Joyce M. Holladay

The driver alleged at fault in a 2016 fatality wreck on I-35 is back in McClain County to face a charge of first-degree manslaughter.

Authorities issued an arrest warrant for Joyce M. Holladay, 62, of Aurora, Colo., in June 2018.

She was returned to Oklahoma last week.

On Friday, Holladay made her initial appearance in McClain County District Court.

Her bond was set at $75,000 and a preliminary hearing conference is scheduled for 9 a.m. July 31.

The fatality wreck occurred Nov. 17, 2016.

According to the Oklahoma Highway Patrol, Holladay was driving a Ford F800 and pulling a small single-axle trailer. A second vehicle driven by Thomas Hoskins, 42, followed as part of a two-vehicle convoy.

The trailer lights were inoperable and the truck was known to have electrical issues affecting the rear lights, the OHP reported.

The truck and trailer were northbound and traveling an estimated 40 mph when it was struck from behind by a semi tractor-trailer driven by Daniel Moghrabi, 55.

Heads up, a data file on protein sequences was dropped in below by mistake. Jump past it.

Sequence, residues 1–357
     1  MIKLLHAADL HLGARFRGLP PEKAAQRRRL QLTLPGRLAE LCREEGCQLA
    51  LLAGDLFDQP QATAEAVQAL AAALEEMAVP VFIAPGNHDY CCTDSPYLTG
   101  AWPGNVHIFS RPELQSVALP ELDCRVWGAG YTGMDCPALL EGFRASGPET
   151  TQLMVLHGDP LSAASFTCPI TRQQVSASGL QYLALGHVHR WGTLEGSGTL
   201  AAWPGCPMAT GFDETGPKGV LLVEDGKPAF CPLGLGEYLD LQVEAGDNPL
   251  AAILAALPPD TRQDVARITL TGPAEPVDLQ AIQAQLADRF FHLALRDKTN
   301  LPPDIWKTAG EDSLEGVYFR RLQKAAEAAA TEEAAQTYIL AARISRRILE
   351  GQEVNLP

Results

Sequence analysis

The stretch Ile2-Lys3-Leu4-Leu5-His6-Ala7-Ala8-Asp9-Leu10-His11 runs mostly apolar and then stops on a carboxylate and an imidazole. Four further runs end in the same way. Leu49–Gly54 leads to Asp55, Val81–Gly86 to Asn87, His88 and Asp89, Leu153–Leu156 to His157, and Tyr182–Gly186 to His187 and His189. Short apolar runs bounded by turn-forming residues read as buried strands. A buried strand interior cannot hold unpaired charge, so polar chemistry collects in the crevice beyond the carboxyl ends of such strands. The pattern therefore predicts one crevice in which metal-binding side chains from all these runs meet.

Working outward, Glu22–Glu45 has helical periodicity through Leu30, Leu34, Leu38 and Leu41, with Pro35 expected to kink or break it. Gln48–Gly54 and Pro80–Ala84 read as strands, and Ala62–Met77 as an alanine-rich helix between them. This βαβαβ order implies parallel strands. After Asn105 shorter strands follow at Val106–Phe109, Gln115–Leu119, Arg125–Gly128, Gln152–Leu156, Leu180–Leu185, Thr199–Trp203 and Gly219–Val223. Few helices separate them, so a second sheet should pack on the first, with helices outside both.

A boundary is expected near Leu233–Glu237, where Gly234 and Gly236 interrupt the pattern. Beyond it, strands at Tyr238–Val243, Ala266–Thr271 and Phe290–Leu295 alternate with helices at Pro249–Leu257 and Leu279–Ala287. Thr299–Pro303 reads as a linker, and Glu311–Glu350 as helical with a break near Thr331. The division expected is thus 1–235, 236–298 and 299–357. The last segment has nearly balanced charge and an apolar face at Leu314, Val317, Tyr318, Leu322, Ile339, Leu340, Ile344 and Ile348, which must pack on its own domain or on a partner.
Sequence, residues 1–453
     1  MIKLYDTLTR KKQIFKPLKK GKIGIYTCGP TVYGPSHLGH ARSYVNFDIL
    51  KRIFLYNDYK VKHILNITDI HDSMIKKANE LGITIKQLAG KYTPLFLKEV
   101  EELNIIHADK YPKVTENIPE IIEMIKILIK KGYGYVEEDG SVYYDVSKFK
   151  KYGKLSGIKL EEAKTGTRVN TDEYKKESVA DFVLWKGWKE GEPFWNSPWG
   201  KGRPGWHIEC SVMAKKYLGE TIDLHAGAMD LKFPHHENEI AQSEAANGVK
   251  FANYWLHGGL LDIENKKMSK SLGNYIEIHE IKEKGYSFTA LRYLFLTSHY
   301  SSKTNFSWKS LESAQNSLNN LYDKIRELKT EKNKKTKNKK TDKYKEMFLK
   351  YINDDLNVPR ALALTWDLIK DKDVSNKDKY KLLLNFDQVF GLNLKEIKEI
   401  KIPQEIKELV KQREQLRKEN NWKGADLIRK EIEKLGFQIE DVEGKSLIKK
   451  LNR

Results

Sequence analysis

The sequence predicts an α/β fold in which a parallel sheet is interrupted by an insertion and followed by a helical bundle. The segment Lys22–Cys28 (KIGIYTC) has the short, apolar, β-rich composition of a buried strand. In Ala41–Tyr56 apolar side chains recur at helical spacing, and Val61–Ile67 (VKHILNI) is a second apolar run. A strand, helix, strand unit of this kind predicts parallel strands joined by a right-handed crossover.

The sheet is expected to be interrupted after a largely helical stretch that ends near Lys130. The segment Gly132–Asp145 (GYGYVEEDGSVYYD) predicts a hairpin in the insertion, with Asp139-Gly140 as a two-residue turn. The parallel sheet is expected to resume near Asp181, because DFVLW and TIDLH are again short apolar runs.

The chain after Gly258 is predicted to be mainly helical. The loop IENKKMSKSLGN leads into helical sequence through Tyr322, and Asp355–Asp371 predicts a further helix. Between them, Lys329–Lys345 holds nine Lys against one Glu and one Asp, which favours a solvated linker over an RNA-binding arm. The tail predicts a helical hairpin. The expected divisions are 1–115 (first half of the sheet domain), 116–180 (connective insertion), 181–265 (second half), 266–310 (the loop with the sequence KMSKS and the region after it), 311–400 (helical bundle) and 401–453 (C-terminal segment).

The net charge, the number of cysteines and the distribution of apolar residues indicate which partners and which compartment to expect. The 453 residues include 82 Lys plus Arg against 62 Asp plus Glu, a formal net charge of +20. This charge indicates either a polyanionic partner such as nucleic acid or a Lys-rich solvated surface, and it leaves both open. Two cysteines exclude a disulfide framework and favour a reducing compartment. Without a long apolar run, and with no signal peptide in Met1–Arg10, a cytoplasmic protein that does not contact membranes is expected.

The impact caused the Ford truck and trailer to roll. The semi caught fire, killing Moghrabi.

Holladay and her passenger, Stuart Abdo, 56, were able to get out of the Ford truck and were picked up by Hoskins.

Bypassing the Goldsby exit, Hoskins drove to the Love’s on State Highway 9 west.

Loves employees reported the three sat in the parking lot for 14 minutes before entering the store.

Abdo told a store employee he and his wife were arguing when she reached over and yanked the wheel, causing them to hit another trucker.

According to an affidavit, Holladay and Abdo were taken to Norman Regional Hospital by ambulance.

A blood sample taken from Holladay showed the presence of methamphetamine, amphetamine and lidocaine.

Abdo refused to give a blood sample, saying he had marijuana in his system, according to the affidavit.

In October 2018, Shirley Stanford, personal representative of Moghrabi’s estate, sued Holladay and her employer, B&K Telecommunications and Construction LLC, in McClain County District Court.

That lawsuit was moved Nov. 9, 2018, to U.S. District Court for the Western District of Oklahoma.

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